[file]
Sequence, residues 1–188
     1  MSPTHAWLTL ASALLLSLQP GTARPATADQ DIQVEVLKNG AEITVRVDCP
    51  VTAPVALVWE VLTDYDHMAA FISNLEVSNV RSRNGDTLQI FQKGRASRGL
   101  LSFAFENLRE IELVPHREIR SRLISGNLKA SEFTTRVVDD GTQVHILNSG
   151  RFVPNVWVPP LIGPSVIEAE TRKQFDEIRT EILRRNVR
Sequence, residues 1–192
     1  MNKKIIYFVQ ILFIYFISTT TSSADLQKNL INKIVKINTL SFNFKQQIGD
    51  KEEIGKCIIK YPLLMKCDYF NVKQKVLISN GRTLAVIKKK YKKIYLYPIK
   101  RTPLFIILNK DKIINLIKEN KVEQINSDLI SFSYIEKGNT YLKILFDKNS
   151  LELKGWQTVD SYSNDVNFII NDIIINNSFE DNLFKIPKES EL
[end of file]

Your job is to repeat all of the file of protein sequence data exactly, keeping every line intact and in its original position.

Sequence, residues 1–188
     1  MSPTHAWLTL ASALLLSLQP GTARPATADQ DIQVEVLKNG AEITVRVDCP
    51  VTAPVALVWE VLTDYDHMAA FISNLEVSNV RSRNGDTLQI FQKGRASRGL
   101  LSFAFENLRE IELVPHREIR SRLISGNLKA SEFTTRVVDD GTQVHILNSG
   151  RFVPNVWVPP LIGPSVIEAE TRKQFDEIRT EILRRNVR
Sequence, residues 1–192
     1  MNKKIIYFVQ ILFIYFISTT TSSADLQKNL INKIVKINTL SFNFKQQIGD
    51  KEEIGKCIIK YPLLMKCDYF NVKQKVLISN GRTLAVIKKK YKKIYLYPIK
   101  RTPLFIILNK DKIINLIKEN KVEQINSDLI SFSYIEKGNT YLKILFDKNS
   151  LELKGWQTVD SYSNDVNFII NDIIINNSFE DNLFKIPKES EL